CW Guest Commentary CRA on South Dakota
Taking a Stand
Some places may accept such government action as a ‘done deal.' Not in South Dakota . A coalition was formed under the banner Citizens for Individual Freedom.
Cornerstone members of the group included the Video Lottery Establishments of South Dakota, Deadwood Gaming Association, Licensed Beverage Dealers of South Dakota, DeVitt Gaming Association, and the Music and Vending Association of South Dakota.
To address the action of the Governor and South Dakota legislature, the coalition needed 16,776 signatures to take the matter to a public vote, with bars, taverns, gaming establishments, concerned citizens about property rights and business interests joined in to gather signatures. Volunteers were assembled, and a mission was launched. They stand against 54 allied groups that supported the smoking ban legislation.
The effort is a great example to others. On June 22 they presented over 25,000 signatures to Secretary of State Chris Nelson for verification and placement on the November 2010 statewide ballot. More importantly, however, is that it delays the implementation of the policy passed by the legislature and signed by a Governor. Now that's democracy in action.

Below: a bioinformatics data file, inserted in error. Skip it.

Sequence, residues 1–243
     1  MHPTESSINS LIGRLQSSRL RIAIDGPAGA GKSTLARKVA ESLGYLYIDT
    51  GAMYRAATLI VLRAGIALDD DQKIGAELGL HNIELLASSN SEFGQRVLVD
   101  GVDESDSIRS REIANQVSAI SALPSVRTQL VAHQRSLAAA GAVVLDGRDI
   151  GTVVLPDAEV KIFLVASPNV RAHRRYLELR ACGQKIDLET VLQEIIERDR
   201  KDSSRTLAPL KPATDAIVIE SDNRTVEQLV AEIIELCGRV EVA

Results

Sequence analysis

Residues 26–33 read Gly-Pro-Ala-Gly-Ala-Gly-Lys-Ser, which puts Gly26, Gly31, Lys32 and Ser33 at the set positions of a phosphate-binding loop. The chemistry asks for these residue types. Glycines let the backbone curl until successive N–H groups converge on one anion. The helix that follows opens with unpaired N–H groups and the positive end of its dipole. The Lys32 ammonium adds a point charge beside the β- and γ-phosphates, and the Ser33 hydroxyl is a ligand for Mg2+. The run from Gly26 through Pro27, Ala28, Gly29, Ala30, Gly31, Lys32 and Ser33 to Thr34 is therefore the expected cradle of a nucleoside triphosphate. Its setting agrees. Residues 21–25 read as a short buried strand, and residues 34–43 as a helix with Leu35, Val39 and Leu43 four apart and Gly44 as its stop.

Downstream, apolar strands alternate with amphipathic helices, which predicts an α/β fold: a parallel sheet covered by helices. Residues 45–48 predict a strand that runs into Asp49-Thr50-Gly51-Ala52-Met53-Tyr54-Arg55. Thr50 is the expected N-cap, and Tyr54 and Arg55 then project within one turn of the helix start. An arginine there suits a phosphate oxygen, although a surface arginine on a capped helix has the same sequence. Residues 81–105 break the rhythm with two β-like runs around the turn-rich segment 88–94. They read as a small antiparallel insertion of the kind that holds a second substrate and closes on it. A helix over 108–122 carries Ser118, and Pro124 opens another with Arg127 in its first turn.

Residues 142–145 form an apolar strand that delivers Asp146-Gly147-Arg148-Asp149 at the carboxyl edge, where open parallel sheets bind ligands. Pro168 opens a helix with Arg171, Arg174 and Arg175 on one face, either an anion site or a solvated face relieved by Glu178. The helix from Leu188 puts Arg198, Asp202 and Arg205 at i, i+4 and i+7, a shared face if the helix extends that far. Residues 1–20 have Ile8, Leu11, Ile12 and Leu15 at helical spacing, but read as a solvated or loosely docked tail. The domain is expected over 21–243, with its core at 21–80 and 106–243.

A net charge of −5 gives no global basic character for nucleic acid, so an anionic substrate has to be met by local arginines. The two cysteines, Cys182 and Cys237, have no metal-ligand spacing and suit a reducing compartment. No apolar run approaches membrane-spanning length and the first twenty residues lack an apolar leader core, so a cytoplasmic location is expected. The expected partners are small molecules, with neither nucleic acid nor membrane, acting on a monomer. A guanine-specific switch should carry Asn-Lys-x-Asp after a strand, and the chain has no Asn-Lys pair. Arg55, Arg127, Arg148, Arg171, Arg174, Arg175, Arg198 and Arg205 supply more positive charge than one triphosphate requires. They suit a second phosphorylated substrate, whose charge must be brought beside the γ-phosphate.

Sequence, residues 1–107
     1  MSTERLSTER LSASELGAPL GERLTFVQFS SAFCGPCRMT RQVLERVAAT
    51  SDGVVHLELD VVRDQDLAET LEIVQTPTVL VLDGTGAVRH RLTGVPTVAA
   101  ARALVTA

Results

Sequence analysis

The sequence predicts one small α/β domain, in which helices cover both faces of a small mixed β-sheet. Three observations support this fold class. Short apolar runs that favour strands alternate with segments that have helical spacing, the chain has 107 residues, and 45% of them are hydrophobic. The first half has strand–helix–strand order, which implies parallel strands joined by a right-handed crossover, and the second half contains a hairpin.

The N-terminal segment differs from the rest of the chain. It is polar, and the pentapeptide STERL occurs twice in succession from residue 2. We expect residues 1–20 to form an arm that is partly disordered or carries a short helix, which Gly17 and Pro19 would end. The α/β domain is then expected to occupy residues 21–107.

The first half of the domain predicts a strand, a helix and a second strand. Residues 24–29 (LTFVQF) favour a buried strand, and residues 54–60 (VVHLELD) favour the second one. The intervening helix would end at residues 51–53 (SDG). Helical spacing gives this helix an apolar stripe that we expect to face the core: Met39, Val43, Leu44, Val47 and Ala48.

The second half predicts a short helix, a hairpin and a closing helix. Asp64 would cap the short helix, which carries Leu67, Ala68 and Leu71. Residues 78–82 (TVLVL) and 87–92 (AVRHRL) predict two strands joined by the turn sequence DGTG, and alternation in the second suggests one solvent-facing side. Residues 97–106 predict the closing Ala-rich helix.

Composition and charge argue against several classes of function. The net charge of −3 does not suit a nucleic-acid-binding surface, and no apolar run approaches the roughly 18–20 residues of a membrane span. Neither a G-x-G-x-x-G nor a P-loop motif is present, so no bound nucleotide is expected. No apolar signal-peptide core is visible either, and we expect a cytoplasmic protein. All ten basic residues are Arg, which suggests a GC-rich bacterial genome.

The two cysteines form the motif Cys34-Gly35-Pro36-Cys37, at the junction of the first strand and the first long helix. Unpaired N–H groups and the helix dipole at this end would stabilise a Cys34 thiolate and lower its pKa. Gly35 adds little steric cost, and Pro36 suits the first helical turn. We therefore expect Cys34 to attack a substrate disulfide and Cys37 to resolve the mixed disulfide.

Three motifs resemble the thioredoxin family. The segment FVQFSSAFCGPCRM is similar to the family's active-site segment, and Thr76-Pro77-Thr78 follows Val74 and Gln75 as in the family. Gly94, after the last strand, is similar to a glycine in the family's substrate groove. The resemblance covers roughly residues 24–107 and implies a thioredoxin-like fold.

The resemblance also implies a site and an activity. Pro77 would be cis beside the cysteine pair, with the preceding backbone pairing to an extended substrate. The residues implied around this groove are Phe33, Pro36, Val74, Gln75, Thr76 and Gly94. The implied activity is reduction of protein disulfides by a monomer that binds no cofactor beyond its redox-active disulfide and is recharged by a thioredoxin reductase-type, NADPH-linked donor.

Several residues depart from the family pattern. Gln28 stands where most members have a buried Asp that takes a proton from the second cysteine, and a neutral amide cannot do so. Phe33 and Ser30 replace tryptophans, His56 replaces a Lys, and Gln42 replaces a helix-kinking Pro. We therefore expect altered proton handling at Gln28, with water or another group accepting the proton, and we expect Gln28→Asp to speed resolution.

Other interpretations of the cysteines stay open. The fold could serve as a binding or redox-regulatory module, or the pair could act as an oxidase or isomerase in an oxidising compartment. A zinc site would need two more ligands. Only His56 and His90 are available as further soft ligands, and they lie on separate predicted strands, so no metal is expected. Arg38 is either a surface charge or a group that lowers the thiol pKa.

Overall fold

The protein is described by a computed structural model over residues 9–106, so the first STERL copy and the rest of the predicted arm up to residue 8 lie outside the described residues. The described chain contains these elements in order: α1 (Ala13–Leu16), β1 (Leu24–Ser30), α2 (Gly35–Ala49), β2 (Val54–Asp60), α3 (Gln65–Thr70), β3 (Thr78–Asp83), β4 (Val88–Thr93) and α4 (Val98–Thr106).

Something tells me that Washington, Jefferson, Roosevelt and Lincoln are peering down from Mount Rushmore with smiles on their faces. After all, Jefferson said, “The government is best which governs the least.”
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J. Glynn Loope is the Executive Director of the Cigar Rights of America. An avid cigar enthusiast, Glynn brings over twenty years of government relations and public arena involvement to CRA. Although Glynn had carved out a niche in raising government funds for worthwhile public and private sector projects, it was working for the Cigar Association of Virginia that brought him to the world of “the politics of cigars.” Since 2006, Glynn has represented the Cigar Association of Virginia, working with the state’s professional tobacconists in amassing a pro-business coalition to fight intrusive smoking ban legislation.
Glynn also worked as a Legislative Assistant to former members of the Virginia House and Senate, for the University of Virginia’s Center for Public Service, as well as, local and regional government organizations.